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Environment Canada warns of air pollution as crews continue to battle fires in western Nova Scotia

A brush fire in western Nova Scotia has resulted in Environment Canada issuing a special air quality statement for the region.
A brush fire in western Nova Scotia has resulted in Environment Canada issuing a special air quality statement for the region. Nova Scotia Lands and Forestry

Environment Canada is warning residents of western Nova Scotia of high levels of air pollution as multiple fires burn in the area.

Smoke plumes from fires near Argyle and Pubnico in Yarmouth County, Lake Alma in Annapolis County and Saturday Lake in Lunenburg County are likely to stay in the area Saturday due to light winds.

Read more: Wildfire burns 15 hectares, winds blow smoke in Nova Scotia’s Yarmouth County

As the wind picks up later in the day the smoke is expected to move north from the location of the fires.

But Environment Canada is warning that air quality may deteriorate as smoke descends to ground level.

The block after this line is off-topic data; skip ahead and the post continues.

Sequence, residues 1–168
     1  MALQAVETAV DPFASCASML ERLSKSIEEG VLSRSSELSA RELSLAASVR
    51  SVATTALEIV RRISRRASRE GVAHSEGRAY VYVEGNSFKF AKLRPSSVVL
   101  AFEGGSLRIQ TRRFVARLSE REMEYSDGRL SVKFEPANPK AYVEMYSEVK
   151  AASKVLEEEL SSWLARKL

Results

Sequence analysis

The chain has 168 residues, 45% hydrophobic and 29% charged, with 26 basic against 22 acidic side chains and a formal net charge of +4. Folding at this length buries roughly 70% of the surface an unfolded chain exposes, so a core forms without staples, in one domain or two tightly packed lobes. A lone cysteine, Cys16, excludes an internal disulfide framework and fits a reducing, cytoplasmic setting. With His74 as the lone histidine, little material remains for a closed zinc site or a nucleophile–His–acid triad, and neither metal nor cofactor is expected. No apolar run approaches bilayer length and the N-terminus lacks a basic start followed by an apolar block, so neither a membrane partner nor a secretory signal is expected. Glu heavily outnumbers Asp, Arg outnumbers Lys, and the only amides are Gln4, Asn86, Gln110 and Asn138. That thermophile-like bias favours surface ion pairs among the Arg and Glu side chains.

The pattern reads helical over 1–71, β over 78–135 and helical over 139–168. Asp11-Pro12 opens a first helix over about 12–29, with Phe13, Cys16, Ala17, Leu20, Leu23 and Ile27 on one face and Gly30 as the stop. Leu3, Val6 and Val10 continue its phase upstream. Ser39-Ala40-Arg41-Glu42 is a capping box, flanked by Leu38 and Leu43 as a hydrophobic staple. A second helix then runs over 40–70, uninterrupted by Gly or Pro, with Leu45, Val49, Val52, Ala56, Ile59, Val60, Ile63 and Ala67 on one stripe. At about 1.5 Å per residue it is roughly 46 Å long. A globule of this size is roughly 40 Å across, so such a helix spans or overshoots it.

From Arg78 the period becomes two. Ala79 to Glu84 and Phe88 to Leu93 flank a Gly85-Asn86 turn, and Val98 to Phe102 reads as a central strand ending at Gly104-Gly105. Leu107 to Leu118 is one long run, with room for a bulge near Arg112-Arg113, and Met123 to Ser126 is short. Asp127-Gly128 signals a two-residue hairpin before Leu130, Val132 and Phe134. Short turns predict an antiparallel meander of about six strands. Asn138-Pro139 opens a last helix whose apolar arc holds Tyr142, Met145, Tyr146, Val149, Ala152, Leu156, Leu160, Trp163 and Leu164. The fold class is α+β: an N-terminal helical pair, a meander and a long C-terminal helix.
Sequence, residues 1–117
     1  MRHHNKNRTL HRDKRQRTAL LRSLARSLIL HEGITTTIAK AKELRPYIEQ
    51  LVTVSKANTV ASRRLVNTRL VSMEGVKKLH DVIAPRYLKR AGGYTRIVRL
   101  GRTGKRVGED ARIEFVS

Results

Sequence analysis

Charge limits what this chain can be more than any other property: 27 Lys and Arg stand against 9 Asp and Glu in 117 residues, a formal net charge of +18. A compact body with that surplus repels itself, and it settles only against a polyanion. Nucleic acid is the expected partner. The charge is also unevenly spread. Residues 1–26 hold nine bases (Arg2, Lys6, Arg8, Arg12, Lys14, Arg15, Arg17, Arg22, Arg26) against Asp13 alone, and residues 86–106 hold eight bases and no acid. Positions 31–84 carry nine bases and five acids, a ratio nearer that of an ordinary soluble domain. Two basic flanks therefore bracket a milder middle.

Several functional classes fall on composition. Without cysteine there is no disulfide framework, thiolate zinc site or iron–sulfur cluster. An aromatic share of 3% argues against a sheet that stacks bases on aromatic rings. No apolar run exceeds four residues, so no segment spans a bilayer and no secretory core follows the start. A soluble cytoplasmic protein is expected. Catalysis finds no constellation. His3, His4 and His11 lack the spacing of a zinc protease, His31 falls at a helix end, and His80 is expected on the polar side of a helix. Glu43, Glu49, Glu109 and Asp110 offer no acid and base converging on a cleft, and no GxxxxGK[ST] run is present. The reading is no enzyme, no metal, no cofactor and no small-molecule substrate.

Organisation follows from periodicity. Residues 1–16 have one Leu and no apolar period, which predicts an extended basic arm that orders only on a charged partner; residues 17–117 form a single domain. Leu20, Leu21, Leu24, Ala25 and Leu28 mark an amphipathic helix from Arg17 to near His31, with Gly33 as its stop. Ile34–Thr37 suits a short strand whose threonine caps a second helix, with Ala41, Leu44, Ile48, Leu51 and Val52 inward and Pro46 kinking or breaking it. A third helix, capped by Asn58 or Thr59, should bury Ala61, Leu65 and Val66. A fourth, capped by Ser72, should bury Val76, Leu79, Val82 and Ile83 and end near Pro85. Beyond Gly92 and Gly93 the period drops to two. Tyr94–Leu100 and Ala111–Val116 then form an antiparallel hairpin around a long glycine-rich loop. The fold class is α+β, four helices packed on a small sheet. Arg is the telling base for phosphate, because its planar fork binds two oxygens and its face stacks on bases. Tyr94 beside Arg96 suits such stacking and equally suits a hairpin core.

Heavy rain in the forecast is expected to help the situation overnight, improving air quality by Sunday.

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Click to play video 'No lives or homes lost in sweeping Porters Lake fire' No lives or homes lost in sweeping Porters Lake fire
No lives or homes lost in sweeping Porters Lake fire

Nova Scotia’s Lands and Forestry Department has said that crews remain on the scene of several wildfires in the province.

Department spokesman Brian Taylor told The Canadian Press that the ongoing wildfire in Argyle, a municipality in Yarmouth County, is 50 per cent contained.

A portion of Highway 103 near the 15-hectare fire was closed due to the smoke.

A department helicopter and 21 staff, as well as one volunteer fire department member, were on the scene of that blaze.

Seven other wildfires also burned in Queen, Cumberland, Lunenburg and Annapolis counties throughout the day, some of which were 100 per cent contained.

A fire in the Saturday Lake area of Lunenburg county was 10 per cent contained by Saturday afternoon, the department said.

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A Lands and Forestry helicopter and 10 department staff members were deployed, and two air tankers from Fredericton, N.B., also dropped water on the fire.

Environment Canada is warning that individuals may experience symptoms such as increased coughing, throat irritation, headaches or shortness of breath.

Children, seniors and those with cardiovascular or lung disease will be especially at risk.

With files from The Canadian Press